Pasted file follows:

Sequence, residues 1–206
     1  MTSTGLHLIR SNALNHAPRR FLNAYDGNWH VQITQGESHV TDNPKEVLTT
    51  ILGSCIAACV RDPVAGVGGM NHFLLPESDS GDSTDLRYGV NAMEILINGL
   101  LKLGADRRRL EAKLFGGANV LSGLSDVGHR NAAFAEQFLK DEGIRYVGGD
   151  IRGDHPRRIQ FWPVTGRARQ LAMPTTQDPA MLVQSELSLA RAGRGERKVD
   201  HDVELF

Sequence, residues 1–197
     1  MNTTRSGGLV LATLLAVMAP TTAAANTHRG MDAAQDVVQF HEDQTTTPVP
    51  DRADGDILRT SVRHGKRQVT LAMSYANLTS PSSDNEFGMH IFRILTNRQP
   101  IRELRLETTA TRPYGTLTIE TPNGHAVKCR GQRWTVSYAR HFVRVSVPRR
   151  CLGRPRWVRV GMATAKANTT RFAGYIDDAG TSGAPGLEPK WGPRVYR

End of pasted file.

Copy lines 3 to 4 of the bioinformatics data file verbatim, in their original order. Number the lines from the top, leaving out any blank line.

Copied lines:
    51  ILGSCIAACV RDPVAGVGGM NHFLLPESDS GDSTDLRYGV NAMEILINGL
   101  LKLGADRRRL EAKLFGGANV LSGLSDVGHR NAAFAEQFLK DEGIRYVGGD